Sufism was a liberal reform movement within Islam. It had its origin in Persia and spread into India in the 11th century. Most of the Sufis (mystics) were persons of deep devotion who disliked the display of wealth and degeneration of morals following the establishment of the Islamic empire.
- The word ‘sufi’ is derived from ‘suf’, which means wool in Arabic, it also means ‘purity’,
- Sufism or mysticism emerged in the 8th century,
- The early known Sufis were Rabia al-Adawiya, Al-Junaid, and Bayazid Bastami.
- Well-developed movement by the end of the 11th century.
- Al Hujwiri, is regarded as the oldest Sufi in the sub-continent.
- By the 12th century, the Sufis were organised in Silsilahs
- Established in India by Khwaja Muinuddin Chishti,
- He moved to India after the invasion of Muhammad Ghori, and settled in Ajmer around c.1206 CE
- His dargah reached unprecedented heights after the support of Mughal Emperor Akbar.
- The Chisti presence in Delhi was established by Qutbuddin Bakhtiyar Kaki (the Qutub Minar is named after him)
- Another sufi saint was Nizamuddin Auliya, who lived in the 14th century
- The Silsilah was founded by Shihabuddin Suhrawardi in Baghdad
- It was established in India by Bahauddin Zakariya.
- This order was established in India by Khwaja Bahauddin Naqshbandi
- Propagated by his successors, Sheikh Baqi Billah and Shaikh Ahmad Sirhindi
- The Quadiriyya Silsilah, was popular in Punjab
- Started during the Mughal rule under the teachings of Sheikh Abdul Qadir and his sons, Shaikh Niamtullah, Mukhdum Muhammad Jilani, and Miyan Mir, who had enrolled the Mughal princess Jahanara and her brother Dara as disciples.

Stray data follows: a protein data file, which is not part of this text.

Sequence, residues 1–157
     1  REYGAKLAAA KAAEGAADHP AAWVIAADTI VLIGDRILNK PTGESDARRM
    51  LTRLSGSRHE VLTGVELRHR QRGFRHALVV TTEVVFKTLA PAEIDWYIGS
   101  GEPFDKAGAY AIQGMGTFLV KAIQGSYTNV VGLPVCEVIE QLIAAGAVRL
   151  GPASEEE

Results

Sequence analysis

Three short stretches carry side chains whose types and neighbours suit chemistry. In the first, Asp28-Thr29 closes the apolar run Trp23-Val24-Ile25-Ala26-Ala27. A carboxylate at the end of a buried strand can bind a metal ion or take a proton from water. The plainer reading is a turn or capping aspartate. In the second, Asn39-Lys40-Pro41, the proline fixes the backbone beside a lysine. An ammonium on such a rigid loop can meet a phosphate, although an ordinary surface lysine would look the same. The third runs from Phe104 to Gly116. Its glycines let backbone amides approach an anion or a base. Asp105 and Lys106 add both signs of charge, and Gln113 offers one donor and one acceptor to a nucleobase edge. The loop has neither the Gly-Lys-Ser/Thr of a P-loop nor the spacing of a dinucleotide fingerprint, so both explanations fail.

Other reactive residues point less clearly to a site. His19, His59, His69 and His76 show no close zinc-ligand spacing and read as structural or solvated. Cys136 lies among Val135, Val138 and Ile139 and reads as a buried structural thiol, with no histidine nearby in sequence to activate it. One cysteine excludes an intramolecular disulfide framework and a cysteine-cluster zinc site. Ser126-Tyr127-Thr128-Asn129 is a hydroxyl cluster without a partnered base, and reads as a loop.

- Another prominent pir was Shah Badakhshani.
Importance of Sufism in India
Sufism in India has a history of over 1000 years. Muslims that arrived or resided in this country can be divided into two camps. There were the extremely religious teachers called ulemas and the fakirs who are known as Sufis today. The fakirs were generally tolerant of other religions and even had non-Islamic followers in some cases.
The main reason behind the early popularity of Sufism in India was the Khanqahs. Khanqahs were large gathering halls where followers lived with their gurus or teachers. The gathering halls also acted as community centres and were open to everyone, specifically providing support and sustenance to poor people. They also became known as a centre for spiritual learning which helped in further enhancing their popularity. As Sufis played an important role in the intellectual development of India their contributions in the field of religion and society are immense.
The Sufis also abstained from religious and communal conflicts and reached out even to the poor and marginalised communities.
Khwaja Moinuddin Chishti, a disciple of Khwaja Usman Harooni, the propounder of this order, introduced it in India. He came to India from Afghanistan with the army of Shihab-ud-Din Ghuri in 1192 AD and started living permanently in Ajmer from 1195.
Sufism, mystical Islamic belief and practice in which Muslims seek to find the truth of divine love and knowledge through direct personal experience of God.
The four main Sufi orders – Chisti, Qadiriyya, Suhrawardiyya and Naqshbandi order were practiced in India.